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Underwater Passive Acoustic Monitoring Around Kauai, Hawaii

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Title:Underwater Passive Acoustic Monitoring Around Kauai, Hawaii
Authors:Richlen, Michael
Contributors:Zoology (department)
Date Issued:May 2018
Publisher:University of Hawaiʻi at Mānoa
Abstract:Passive acoustic monitoring is a powerful tool for non-invasive and unbiased data collection in remote locations. The ability to collect data over long durations in areas that are not easily accessible and during all weather conditions has become a common technique for surveying for marine mammals as well as assessing the soundscape that may impact their behavior or distribution. Very little is known about the occurrence of fin (Balaenoptera physalus), sei (Balaenoptera borealis), and Bryde’s (Balaenoptera edeni) whales that are very rarely observed in the coastal waters around the main Hawaiian Islands. This dissertation presents results obtained from underwater passive acoustic data collected at five sites around the island of Kauai, Hawaii, from February 2009 through October 2010. Acoustic files scanned manually to search for sounds produced by fin, sei, and Bryde’s whales. The results corroborate the extremely low sighting rates for these three species. Out of a total 31 acoustic encounters, 18 were from fin whales, 9 were from sei whales, and 4 were from Bryde’s whales. These detections were also compared to those produced by two automated techniques and unfortunately, neither performed well enough to be reliable alternatives to time consuming manual analyses. The broadband acoustic data collected for this study are very useful for determining contributions of natural and anthropogenic sources towards the overall soundscape around Kauai. While fin, sei, and Bryde’s whales were not frequently detected in the data, humpback whale song was ubiquitous during the winter months and was present in nearly each recording from December through March. When comparing the broadband noise levels around Kauai to sites off of Oahu and Nihoa (the closest of the Northwest Hawaiian Islands), it is evident that weather (mainly wind) and shipping noise have the greatest impact on the soundscape.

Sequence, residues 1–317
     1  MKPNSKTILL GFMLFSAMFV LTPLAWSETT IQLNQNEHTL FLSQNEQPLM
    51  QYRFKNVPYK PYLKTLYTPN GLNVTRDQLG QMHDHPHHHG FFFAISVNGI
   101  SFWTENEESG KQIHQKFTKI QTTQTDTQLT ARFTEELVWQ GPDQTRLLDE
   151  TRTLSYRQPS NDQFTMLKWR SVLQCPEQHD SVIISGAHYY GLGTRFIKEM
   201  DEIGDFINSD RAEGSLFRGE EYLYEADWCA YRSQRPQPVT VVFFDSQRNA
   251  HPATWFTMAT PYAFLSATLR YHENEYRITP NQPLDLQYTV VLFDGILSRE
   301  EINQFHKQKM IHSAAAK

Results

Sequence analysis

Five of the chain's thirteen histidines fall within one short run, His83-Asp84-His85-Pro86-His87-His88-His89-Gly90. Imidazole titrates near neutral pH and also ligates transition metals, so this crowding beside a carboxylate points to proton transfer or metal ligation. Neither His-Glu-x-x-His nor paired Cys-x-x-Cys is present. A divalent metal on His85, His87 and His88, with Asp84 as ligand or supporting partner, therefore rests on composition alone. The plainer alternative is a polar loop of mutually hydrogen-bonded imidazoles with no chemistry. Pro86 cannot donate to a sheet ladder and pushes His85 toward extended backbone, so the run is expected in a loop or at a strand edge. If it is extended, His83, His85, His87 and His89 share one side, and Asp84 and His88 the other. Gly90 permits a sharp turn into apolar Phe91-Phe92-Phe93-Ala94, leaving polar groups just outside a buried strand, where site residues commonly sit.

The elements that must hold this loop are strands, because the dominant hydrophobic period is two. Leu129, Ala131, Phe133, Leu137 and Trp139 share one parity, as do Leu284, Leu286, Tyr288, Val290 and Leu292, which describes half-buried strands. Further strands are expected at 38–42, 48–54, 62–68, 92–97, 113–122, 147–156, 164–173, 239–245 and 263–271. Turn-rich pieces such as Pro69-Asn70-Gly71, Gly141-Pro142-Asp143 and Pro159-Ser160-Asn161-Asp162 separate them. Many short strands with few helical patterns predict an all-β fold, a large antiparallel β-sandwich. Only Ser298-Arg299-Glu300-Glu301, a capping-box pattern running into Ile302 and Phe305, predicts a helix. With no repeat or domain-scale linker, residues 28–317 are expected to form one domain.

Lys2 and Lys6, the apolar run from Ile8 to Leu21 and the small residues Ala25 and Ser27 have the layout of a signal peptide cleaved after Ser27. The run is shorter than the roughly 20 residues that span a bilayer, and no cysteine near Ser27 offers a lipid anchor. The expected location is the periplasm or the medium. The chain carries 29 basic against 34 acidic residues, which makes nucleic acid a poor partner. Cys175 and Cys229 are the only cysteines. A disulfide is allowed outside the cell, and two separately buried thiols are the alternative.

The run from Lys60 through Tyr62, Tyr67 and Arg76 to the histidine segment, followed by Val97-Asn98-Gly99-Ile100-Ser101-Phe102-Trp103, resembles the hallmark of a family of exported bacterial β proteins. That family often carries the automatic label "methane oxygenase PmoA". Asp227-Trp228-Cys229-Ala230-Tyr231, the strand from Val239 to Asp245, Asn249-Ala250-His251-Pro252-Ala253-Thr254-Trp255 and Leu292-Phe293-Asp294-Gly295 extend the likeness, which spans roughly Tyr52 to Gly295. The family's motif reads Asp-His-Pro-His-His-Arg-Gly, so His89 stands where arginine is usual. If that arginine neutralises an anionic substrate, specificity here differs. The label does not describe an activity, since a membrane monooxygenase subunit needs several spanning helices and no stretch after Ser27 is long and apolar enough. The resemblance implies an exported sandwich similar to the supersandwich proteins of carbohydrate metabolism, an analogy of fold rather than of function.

Description:Ph.D. Thesis. University of Hawaiʻi at Mānoa 2018.
URI:http://hdl.handle.net/10125/62839
Rights:All UHM dissertations and theses are protected by copyright. They may be viewed from this source for any purpose, but reproduction or distribution in any format is prohibited without written permission from the copyright owner.
Appears in Collections: Ph.D. - Zoology


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